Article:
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To: Perdogg
Using such a remote control would be pretty “risky” in the sense of premature detonation due to the presence of other radio signals in the area.
9 posted on 04/26/2013 4:04:07 PM PDT by bitterohiogunclinger (Proudly casting a heavy carbon footprint as I clean my guns ---)
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To: bitterohiogunclinger

I doubt they were smart enough to even think about stray signals.
But at some point in the process
...(think of the pictures of them in the area, dropping the back packs, and walking away)...
they had to pause long enough to trigger the detonations.


12 posted on 04/26/2013 4:10:18 PM PDT by Repeal The 17th (We have met the enemy and he is us.)
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To: bitterohiogunclinger
"Using such a remote control would be pretty “risky” in the sense of premature detonation due to the presence of other radio signals in the area."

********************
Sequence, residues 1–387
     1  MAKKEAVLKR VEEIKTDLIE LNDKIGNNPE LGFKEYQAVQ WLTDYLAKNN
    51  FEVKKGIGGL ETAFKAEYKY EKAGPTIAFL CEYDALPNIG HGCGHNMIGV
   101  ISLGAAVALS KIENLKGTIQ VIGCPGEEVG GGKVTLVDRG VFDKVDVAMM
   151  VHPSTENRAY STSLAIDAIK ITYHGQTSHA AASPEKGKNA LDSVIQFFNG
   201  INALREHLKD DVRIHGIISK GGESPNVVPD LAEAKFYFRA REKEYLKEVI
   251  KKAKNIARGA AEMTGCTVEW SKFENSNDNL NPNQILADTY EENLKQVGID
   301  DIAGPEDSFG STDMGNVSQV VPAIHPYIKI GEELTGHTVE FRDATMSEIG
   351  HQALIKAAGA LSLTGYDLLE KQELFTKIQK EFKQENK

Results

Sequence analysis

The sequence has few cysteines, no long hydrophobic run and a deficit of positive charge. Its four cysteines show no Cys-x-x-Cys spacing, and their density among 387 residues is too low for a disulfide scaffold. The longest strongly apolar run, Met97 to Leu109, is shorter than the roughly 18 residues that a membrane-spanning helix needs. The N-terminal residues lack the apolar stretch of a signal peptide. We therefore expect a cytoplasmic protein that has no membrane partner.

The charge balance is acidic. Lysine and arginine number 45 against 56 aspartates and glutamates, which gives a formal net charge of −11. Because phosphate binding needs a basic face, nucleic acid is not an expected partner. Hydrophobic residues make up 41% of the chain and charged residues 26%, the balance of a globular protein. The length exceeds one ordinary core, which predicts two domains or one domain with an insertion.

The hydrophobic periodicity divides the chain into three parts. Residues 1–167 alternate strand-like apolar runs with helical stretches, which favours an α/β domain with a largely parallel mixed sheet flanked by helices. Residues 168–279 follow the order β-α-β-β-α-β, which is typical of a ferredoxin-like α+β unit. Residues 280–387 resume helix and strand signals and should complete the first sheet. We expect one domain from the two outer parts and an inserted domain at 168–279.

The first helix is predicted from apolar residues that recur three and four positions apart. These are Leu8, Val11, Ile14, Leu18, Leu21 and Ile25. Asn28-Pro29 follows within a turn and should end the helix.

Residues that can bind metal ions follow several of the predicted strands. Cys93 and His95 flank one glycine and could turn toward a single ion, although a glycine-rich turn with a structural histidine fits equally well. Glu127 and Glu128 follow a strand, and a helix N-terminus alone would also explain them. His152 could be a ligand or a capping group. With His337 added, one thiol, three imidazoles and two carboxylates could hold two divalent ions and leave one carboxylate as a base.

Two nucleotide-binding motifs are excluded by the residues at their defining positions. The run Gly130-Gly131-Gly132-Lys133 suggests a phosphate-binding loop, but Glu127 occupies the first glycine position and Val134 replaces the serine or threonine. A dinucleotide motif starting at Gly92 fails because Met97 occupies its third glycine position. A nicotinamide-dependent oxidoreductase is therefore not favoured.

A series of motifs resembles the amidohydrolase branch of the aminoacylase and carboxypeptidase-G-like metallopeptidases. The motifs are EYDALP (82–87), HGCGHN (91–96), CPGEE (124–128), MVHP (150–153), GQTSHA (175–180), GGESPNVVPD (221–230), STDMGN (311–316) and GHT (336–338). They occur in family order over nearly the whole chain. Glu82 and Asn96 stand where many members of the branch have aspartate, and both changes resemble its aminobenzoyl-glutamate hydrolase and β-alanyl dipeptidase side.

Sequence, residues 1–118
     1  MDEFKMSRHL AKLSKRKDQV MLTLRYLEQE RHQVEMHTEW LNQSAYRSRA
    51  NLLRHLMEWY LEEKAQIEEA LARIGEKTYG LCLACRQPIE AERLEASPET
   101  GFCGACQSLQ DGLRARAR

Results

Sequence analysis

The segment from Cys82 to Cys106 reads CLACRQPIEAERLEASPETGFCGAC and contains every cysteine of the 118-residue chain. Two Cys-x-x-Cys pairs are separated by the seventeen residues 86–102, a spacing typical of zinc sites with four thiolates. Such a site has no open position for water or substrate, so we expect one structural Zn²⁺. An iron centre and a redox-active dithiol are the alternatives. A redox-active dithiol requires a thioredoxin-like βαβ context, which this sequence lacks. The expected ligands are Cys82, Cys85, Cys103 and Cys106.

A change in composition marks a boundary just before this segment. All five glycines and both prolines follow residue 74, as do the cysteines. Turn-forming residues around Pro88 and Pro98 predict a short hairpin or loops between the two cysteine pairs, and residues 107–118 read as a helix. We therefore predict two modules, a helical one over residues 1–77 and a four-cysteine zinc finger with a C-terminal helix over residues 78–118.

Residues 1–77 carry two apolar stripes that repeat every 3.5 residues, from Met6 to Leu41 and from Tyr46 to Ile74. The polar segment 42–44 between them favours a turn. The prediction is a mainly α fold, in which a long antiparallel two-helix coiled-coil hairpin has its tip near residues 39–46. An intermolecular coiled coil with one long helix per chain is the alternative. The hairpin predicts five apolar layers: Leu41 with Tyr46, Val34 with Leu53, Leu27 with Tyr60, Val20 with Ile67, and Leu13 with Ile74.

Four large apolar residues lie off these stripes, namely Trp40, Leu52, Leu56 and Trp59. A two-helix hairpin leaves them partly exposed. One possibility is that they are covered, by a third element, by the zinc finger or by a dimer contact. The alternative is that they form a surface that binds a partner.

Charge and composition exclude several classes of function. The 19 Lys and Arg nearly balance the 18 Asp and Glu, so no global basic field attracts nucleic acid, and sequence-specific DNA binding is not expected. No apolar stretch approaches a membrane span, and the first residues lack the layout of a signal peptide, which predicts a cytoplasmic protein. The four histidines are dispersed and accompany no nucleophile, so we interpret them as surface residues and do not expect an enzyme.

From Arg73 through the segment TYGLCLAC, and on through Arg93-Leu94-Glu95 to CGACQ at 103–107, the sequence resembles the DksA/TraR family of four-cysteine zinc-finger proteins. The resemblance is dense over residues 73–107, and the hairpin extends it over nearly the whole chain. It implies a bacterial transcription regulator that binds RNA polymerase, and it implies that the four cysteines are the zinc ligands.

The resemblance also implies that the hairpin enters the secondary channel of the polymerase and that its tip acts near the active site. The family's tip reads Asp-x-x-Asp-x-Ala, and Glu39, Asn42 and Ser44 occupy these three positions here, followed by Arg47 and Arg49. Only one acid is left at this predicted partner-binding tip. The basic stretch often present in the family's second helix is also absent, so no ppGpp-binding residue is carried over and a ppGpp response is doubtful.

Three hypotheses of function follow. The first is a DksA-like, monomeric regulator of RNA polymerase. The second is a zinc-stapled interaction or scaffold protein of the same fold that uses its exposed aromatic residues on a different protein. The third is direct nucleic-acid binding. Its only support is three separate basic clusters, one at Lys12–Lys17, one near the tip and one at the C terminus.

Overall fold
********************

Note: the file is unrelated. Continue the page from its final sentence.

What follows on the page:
I thought the receiver was identified as a 2.4 Ghz unit from a hobby-grade R/C helicopter (I own similar). If so, the DSM-X or DSM-2 receiver is bound to a particular transmitter and is almost invulnerable to common modes of interference or jamming.

Just How Good is DSMX? In multiple tests, 100 DSMX systems were operated simultaneously for extended periods of time. During these tests each of the 100 systems was monitored in flight and on the ground. In every test not a single case of RF link loss, latency increase or control degradation was experienced or recorded.

67 posted on 04/26/2013 8:32:37 PM PDT by steve86 (Acerbic by Nature, not NurtureĀ™)
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